A Bit About Memory – ROM & RAM

The differences between volatile and non-volatile memory.

As I mentioned in a previous post about the various components of a computer system, computer memory provides a temporary workspace for the CPU to be able to carry out the various tasks required of it.

Following on from that brief introduction, it’s worth taking a look at memory in more detail, specifically the two different types and what they are able to offer the computer system.

Volatile versus Non-Volatile Memory
Before we get right down to the specifics of the types of memory used within a computer system, it’s important to note that computer memory is broadly considered to be either volatile or non-volatile.

As the names might suggest, one of these memory types is much more unstable than the other and requires some form of input to keep it.  In this case, volatile memory requires a power source in order for the information contained on it to be kept.  If the power source is removed, then the memory is ‘wiped’ and the information lost.

Alternatively, Non-volatile memory is able to retain the information contained on it, regardless of whether or not there is a power supply present.

The two different types of such memory used within a computer system are Random Access Memory (RAM) and Read Only Memory (ROM).  These alternative types of memory, unsurprisingly, work differently and are utilised in different ways by the CPU.

Random Access Memory (RAM) is a method of storing information and acts as the computers main ‘short term memory’ or ‘workspace’ as I previously described it.  RAM needs a constant power supply in order to retain and access the information it contains and if the power supply to RAM is lost, then the information contained within it will also be lost.

The CPU is able to access any piece (or byte) of information stored in the RAM without disrupting any other information also stored there.  Likewise, the CPU is also able to write to the RAM without deleting any other information that is still needed by any running processes.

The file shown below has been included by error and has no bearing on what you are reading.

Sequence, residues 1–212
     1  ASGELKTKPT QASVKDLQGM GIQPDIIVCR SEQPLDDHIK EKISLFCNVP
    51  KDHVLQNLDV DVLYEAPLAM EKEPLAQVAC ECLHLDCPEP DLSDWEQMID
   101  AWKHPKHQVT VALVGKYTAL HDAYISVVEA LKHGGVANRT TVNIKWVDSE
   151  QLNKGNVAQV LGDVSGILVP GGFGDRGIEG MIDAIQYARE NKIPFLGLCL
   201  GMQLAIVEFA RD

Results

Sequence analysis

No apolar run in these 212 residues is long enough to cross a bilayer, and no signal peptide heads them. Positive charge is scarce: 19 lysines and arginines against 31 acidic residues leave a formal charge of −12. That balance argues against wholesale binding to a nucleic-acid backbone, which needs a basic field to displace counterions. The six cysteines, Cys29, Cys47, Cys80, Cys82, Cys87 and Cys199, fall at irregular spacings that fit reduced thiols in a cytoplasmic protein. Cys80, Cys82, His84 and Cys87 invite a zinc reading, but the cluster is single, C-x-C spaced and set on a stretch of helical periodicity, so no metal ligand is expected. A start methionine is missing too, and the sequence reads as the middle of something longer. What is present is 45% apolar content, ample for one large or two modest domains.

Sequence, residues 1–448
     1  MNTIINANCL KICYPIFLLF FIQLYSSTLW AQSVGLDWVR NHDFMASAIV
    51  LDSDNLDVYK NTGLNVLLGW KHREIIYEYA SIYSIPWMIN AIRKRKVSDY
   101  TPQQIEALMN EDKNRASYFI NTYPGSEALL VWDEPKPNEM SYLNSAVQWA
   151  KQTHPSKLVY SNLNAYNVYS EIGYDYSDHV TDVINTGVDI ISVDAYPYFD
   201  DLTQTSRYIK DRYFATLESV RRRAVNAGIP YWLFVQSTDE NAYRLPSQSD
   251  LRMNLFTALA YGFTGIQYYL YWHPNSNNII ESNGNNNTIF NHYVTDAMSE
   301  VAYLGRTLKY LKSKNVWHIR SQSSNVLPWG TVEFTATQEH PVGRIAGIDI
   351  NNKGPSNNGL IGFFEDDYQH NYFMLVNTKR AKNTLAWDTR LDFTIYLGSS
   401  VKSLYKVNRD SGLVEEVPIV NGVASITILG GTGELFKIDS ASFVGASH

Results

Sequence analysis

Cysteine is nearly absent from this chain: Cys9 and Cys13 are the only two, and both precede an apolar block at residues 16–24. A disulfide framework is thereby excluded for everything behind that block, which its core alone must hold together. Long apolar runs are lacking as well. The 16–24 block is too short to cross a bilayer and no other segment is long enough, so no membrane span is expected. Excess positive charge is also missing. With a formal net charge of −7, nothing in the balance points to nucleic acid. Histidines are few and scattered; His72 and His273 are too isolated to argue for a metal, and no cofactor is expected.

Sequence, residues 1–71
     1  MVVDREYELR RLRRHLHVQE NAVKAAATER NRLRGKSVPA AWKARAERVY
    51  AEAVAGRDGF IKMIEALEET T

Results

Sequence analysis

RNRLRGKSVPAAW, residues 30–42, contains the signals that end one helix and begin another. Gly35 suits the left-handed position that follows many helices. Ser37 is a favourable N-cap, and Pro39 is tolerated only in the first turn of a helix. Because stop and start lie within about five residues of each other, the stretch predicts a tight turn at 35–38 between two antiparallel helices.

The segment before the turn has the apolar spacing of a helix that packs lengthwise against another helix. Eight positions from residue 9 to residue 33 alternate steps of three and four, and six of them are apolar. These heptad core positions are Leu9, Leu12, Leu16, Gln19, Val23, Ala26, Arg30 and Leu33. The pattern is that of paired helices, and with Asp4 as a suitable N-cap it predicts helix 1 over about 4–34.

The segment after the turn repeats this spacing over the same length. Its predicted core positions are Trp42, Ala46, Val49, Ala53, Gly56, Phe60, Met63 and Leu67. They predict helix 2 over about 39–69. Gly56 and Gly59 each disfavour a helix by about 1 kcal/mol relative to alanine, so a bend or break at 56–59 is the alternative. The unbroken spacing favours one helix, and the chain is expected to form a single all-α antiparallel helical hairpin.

Note:  When a computer process is stopped (e.g. closing a program), the associated information within the RAM is then disposable and can be written over by the CPU.

Read Only Memory (ROM) is a form of non-volatile memory that retains it’s information regardless of whether there is a power supply present to it or not.  Information contained in ROM is easily readable by the CPU but is very difficult for the system to modify.

At this point, you might be wondering why such types of memory have any relevance in a computer system and why unchangeable information is of any use.  It’s actually fundamental to the operation of a computer system and, without it, your computer would be little more use than a paper weight.

ROM contains such information as required by the CPU to initiate and run at start up. Data stored on ROM informs the CPU of the parameters to initiate within the start up sequence and enable the computer to run prior to the Operating System (OS) starting up.



  • Is a form of volatile memory and only retains it’s information while power is present
  • Is easily accessible for reading from AND writing to by the CPU
  • can be read from or written to without disturbing any other information stored on it
  • contains information that is considered to be temporary by the computer system
  • Is a form of non-volatile memory and retains it’s information regardless of whether power is present.
  • Is easily accessible for reading from by the CPU
  • can be read from without disturbing information contained on it but cannot be written to very easily.
  • contains information that is not considered temporary by the computer system
Study Reference Disclaimer. 

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